Marjie Longshore is founder and executive director of the Family Leadership Center (FLC), whose mission is to educate parents, teachers and caregivers in principles based on Adlerian Psychology so that they can encourage young people to lead and contribute to society. Her fresh take on limits is for families to discuss and create a shared dream or vision. Longshore suggests we gather our people and ask, “What do we stand for? How do we want to be as a family this year?” Ideas may come up like, “We are a peaceful and kind family” or “We are a family that is both responsible with our work and fun in our relationships.” There are endless versions and variations of what families can stand for. This leads to the question, “What are the rules that will support our hopes and dreams?” You may be surprised by your kids’ responses, which often relate to limits that need to be upheld.
Longshore had an experience that prompted a shift in her mindset when her kids let her know that she was on her phone texting too much. We adults often make the excuse of work as to why the limits we set for our children don’t apply to us. But imagine the respect Longshore’s kids felt when they kindly reminded her to put her phone away during dinner hour, and she did. As a family, they made an arrangement that if she went over the limit, Longshore would put a little money in a jar and every so often they would take the money and go out for ice cream together.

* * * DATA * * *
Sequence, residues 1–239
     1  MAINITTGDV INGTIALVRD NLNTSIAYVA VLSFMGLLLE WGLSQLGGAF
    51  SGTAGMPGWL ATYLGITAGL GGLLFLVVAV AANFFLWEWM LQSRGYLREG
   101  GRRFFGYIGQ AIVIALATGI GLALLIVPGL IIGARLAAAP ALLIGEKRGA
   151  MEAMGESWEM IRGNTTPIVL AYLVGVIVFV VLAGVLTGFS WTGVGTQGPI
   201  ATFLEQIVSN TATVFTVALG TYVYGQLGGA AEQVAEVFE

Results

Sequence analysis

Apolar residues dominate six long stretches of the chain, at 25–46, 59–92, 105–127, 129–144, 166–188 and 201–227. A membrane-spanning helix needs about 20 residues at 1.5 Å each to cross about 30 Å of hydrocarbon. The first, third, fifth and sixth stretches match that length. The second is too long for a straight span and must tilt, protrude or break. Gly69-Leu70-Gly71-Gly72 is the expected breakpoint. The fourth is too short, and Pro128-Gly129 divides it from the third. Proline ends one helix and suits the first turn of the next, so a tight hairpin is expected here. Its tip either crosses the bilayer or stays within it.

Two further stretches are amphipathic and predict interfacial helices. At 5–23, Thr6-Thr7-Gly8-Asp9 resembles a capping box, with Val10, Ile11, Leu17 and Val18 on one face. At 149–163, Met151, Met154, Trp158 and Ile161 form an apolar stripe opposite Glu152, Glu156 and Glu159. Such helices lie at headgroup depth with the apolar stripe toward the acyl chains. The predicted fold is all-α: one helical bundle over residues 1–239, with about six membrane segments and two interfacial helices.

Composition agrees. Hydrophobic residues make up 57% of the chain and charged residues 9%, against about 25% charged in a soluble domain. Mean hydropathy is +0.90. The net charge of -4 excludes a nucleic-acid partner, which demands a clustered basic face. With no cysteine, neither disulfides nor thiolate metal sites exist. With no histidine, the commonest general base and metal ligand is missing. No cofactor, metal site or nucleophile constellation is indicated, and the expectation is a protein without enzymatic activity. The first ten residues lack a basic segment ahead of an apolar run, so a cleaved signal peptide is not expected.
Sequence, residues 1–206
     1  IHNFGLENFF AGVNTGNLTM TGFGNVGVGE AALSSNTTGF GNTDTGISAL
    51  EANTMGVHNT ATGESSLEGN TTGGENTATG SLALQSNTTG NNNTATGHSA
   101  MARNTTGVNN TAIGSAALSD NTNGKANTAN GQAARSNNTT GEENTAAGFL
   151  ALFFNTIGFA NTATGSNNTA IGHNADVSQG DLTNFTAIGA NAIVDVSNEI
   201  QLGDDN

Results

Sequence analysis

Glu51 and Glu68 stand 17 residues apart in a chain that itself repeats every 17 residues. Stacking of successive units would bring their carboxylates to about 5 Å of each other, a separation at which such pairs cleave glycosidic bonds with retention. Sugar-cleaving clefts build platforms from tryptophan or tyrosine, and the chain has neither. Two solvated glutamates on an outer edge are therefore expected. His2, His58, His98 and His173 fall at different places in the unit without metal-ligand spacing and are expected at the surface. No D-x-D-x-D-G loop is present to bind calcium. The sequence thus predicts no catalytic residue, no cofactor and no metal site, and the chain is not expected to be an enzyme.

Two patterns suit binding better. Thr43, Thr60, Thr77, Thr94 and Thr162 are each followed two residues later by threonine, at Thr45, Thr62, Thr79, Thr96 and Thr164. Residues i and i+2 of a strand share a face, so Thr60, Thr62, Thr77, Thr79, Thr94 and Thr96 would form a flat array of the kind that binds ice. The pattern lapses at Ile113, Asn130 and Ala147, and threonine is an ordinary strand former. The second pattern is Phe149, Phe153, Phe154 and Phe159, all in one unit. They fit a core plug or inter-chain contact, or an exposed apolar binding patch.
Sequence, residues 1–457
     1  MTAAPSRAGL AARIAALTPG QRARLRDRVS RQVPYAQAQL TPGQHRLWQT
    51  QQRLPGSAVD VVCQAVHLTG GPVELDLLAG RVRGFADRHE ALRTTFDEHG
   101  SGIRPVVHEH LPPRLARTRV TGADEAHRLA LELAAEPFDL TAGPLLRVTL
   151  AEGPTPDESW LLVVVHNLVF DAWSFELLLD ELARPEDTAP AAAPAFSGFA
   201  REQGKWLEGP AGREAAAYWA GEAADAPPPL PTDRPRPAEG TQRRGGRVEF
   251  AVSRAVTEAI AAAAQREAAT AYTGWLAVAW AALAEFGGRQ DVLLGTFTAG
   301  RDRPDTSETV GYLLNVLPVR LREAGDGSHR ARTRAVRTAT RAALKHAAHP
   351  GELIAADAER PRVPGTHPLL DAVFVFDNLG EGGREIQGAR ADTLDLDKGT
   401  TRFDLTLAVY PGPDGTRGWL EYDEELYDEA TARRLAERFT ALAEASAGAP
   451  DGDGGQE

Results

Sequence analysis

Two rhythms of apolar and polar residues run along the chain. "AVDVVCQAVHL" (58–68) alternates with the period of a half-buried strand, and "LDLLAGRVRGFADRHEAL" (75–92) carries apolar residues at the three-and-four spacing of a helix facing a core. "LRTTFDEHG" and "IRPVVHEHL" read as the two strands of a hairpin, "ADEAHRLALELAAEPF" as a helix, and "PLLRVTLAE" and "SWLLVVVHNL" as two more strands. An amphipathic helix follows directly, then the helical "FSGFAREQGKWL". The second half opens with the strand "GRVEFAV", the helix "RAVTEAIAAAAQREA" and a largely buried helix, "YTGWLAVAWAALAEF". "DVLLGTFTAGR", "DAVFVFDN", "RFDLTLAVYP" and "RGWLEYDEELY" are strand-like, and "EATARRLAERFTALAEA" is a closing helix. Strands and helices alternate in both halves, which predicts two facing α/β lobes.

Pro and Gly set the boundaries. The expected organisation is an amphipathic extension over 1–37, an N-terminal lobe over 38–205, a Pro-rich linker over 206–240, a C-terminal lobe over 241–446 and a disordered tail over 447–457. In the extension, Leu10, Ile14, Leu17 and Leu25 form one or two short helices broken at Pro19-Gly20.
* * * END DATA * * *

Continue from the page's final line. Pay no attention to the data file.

There is a great difference between setting a limit (easy) and upholding a limit (hard).
Bearing this in mind and thinking about our nervous system and the creation of a family vision, Delahook, Longshore and I came up with a list of ways to set and uphold limits with more success and less upset.
Top Tips for Upholding Limits
- SLEEP: Research is unequivocal about how sleep is a life-support system, for both you and your child. It’s not something extra; it’s essential. Adequate sleep will make parenting easier and help your child’s social-emotional growth.